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Why Employers Need More Creativity from their Employees

Remember that scene from the classic movie, The Graduate, where Dustin Hoffman’s neighbor says to the just-graduated youngster, about to seek his first job: “I just want to say one word to you. Just one word...plastics.” Today, that one word of advice would surely be “change.”

Coast to coast, industrial fields are undergoing a massive sea change unseen in recent industrial history. And the reason is very clear. The rise of robotics, automated processes, 3D printing, and advanced materials are all impacting and dramatically changing the shop floor while also altering the skill set of every employee that works on it.

What should employers do? How can we all keep pace with change by reshaping our workforces to take advantage of new opportunities? That also comes down to one word: creativity.

Why We Need a New Kind of Employee
Well-trained employees are the fastest way to an evolved workforce, but already the deck is stacked when it comes to finding qualified candidates. The Wall Street Journal recently pointed to a survey highlighting a decline in technical industry apprenticeships, down from 500,000 ten years ago to 280,000 today. In addition, polls by Manpower Group and The Manufacturing Institute cite widespread difficulties that employers have experienced in their attempts to fill jobs, the latter stating that 75 percent of manufacturers surveyed were experiencing trouble filling open technical positions.

With far fewer apprenticeship programs nationally and technology driving the demand for highly skilled workers, employers need to turn to technical colleges and seek a new breed of candidate: one that brings a more rounded skill set and industry-ready experiences to their first day on the job.

Balanced Education
Recruitment used to be easier. Employers could simply review a resume, meet for an interview, and check references of their chosen candidate. Today, there’s a more urgent need for candidates to bring balance. That means a pre-existing familiarity with the machinery, processes, and often-specialized tools of their chosen profession—gained from work experience and internships.

But balance also means other skills, too: analytical thinking, a design sensibility, experience with computer programming, and a holistic view of the production, engineering and manufacturing process that will inform how they do their chosen job.

The New Differentiator: Creativity
It might seem like an odd statement. Why must employers in technical fields seek candidates that display creativity? But consider the rapid rise of 3D printing, software programming, CAD technologies, and a wide diversity of highly technical production and manufacturing processes, and it’s evident why any job candidate needs both technical skills and an established foundation of rounded experience for their role.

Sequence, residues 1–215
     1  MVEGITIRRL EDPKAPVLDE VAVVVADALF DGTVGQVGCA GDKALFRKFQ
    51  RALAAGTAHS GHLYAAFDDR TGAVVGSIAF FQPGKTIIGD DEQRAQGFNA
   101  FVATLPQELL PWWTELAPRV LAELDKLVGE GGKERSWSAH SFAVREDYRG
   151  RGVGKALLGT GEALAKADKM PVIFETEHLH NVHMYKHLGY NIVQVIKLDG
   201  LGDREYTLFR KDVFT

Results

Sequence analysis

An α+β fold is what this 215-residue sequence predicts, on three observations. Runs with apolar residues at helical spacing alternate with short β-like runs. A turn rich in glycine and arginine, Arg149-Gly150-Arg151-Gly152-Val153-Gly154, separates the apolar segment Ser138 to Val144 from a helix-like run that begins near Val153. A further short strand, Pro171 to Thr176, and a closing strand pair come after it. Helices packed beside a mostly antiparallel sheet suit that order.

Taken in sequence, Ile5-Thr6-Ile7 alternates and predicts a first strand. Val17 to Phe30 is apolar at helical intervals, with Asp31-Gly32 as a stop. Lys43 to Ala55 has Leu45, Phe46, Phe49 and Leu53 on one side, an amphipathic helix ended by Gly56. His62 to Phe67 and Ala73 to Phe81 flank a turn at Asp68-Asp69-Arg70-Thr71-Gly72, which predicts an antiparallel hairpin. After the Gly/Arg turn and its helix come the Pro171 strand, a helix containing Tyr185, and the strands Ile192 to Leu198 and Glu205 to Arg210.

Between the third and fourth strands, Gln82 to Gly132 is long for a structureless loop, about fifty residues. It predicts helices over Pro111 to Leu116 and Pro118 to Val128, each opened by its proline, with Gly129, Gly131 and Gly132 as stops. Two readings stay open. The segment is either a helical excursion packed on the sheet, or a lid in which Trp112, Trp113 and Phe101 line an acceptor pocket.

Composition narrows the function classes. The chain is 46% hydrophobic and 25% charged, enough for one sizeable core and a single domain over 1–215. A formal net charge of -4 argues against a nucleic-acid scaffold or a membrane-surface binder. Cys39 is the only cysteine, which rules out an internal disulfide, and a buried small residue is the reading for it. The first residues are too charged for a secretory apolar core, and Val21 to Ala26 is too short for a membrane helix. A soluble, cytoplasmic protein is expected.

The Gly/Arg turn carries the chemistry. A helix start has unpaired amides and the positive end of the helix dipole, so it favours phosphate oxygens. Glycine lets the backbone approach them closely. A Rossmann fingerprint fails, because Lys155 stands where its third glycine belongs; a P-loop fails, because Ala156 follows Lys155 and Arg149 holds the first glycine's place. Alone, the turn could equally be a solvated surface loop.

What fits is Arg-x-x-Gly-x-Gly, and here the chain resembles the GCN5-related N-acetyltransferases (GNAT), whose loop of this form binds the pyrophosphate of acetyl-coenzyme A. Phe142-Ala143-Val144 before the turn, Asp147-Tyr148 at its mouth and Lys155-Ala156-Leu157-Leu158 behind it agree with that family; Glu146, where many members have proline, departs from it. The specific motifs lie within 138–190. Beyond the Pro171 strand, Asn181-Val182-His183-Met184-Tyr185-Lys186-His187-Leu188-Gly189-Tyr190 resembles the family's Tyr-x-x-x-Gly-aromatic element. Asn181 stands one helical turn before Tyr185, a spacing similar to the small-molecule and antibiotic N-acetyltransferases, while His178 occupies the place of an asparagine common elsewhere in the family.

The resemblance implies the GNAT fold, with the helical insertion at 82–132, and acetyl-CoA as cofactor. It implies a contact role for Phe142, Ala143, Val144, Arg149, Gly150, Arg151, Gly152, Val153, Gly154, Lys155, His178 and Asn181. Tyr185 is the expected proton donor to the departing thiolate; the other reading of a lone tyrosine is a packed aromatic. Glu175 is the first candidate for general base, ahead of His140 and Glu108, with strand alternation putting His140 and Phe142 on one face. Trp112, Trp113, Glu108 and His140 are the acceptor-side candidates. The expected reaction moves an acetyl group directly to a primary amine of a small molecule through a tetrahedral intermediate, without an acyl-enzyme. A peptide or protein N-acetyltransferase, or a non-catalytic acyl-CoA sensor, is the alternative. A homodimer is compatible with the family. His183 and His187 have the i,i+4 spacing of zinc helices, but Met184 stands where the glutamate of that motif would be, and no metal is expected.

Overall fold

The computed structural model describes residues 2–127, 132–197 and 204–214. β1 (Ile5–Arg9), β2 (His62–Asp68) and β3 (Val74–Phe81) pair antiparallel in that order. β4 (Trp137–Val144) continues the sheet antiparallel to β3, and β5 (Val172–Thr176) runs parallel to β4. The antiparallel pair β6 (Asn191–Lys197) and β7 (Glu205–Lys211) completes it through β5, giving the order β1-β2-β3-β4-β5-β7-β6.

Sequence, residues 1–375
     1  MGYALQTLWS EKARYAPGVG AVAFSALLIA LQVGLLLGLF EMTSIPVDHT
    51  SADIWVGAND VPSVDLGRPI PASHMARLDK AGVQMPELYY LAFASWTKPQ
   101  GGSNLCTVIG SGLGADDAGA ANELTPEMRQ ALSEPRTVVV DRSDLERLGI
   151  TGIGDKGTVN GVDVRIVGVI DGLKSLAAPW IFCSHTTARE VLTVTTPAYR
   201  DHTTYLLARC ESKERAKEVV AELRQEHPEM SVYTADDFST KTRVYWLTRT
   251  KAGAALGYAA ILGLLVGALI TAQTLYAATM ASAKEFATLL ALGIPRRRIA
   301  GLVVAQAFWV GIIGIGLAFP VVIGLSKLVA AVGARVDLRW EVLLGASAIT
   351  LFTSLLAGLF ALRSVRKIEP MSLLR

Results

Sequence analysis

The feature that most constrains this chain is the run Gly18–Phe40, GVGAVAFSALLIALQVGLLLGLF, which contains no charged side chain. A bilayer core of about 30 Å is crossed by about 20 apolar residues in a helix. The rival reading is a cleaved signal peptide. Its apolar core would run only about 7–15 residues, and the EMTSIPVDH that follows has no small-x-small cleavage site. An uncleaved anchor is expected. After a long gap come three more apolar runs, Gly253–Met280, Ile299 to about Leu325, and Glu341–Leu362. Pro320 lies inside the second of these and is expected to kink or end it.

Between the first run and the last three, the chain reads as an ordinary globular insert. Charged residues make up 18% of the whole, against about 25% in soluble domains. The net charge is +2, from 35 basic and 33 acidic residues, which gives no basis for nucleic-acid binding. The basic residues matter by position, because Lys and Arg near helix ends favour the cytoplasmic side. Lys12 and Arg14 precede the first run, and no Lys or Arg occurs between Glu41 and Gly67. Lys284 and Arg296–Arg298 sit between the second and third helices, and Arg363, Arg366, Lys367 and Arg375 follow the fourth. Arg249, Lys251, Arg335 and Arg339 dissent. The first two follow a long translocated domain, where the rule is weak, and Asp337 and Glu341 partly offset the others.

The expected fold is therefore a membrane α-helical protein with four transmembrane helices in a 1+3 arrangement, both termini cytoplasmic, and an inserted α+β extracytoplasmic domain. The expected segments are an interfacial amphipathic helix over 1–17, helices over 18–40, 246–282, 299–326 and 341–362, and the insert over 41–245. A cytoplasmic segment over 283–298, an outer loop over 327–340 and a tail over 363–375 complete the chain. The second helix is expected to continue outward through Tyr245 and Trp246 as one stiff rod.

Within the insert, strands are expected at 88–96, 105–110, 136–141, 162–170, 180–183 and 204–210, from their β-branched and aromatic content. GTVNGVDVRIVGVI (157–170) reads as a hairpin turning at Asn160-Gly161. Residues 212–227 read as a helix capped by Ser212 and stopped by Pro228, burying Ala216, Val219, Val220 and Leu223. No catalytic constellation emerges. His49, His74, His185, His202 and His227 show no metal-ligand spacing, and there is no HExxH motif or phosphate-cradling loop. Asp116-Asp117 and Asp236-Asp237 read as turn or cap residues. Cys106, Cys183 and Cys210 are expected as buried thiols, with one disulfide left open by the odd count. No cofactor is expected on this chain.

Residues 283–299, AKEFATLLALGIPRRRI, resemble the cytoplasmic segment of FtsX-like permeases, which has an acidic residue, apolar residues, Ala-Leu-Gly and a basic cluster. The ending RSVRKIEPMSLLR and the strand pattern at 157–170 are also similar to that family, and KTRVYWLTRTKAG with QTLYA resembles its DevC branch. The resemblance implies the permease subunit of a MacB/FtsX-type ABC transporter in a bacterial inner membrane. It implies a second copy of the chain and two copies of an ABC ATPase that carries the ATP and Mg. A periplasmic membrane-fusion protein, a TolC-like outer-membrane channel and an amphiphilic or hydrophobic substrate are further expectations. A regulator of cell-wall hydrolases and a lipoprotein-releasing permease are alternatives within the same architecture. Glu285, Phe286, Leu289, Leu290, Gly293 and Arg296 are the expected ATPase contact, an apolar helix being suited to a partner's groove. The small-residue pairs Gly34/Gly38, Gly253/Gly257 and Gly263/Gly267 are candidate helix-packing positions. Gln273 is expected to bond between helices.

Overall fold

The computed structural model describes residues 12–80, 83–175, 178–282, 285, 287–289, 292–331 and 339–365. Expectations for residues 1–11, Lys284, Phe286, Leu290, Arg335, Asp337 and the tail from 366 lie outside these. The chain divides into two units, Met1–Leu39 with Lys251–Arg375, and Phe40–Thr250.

At Dunwoody College of Technology, our curriculum encourages a creative approach to technical subject matter and class projects. Students use CAD/CAM software, 3D printing technology, and our in-house manufacturing lab, an environment that gives students critical experience in translating concepts into fully matured and manufactured prototype products.

A number of technical colleges, our own included, are also challenging students to compete in competitions at a new level. For instance, our Autonomous Snow Plow Competition challenges participants to conceive, design, and engineer a robotic snowplow that autonomously navigates city sidewalks, driveways, and parking lots in the worst weather conditions.

Foot in the Door
The pace of industry and the speed of change today demands all employees make an immediate contribution on day one of the job. Considering the degree of technical specificity, proprietary processes, and materials in everything from plastics manufacturing to automotive engineering, employers should seek candidates from colleges that have a successful track record of working closely with industry.

The best technical colleges work closely with all kinds of employers in everything from plastics and other forms of manufacturing to automotive, HVAC, engineering, and more in order to make sure students gain experience with the technologies, equipment, and processes they will encounter in their future jobs. At Dunwoody, many of our projects and curricula are designed in concert with employers. We also ask students to not only gain a familiarity with the up-to-the-minute technical demands of their future workplaces, but to develop a creative sensibility when it comes to understanding and solving real-world problems.

Educators and Instructors
Finally, as employers trying to fill open positions, you should ask a candidate “Who taught your classes?” Try to interview graduates who come from a college where classes have been taught by faculty members who are both experienced educators and industry professionals. There’s no substitute for the benefit that students receive from being immersed in real world examples, case studies, and even anecdotes of daily working life and challenges in chosen fields.

It is the experiences and perspectives that come from instructors who have worked and succeeded in the trenches of ever changing industry fields that will really help guide and prepare the most successful technical workers of tomorrow.

E.J. Daigle is Dean of Robotics and Manufacturing Technology at Dunwoody College of Technology in Minneapolis, Minnesota. He can be contacted at edaigle@dunwoody.edu.
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